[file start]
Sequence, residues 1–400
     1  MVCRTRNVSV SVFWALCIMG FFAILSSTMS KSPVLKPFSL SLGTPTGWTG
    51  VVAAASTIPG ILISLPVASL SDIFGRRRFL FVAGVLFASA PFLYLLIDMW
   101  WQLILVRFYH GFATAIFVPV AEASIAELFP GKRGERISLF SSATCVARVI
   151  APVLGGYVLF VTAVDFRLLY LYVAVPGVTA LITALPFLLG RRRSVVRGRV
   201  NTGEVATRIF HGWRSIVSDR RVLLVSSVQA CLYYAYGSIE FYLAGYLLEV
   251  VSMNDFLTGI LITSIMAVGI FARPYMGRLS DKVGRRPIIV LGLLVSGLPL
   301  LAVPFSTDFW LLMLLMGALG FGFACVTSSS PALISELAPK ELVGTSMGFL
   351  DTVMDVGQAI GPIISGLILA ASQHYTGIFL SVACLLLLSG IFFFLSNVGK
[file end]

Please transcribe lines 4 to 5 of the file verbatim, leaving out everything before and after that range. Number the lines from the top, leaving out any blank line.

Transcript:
   101  WQLILVRFYH GFATAIFVPV AEASIAELFP GKRGERISLF SSATCVARVI
   151  APVLGGYVLF VTAVDFRLLY LYVAVPGVTA LITALPFLLG RRRSVVRGRV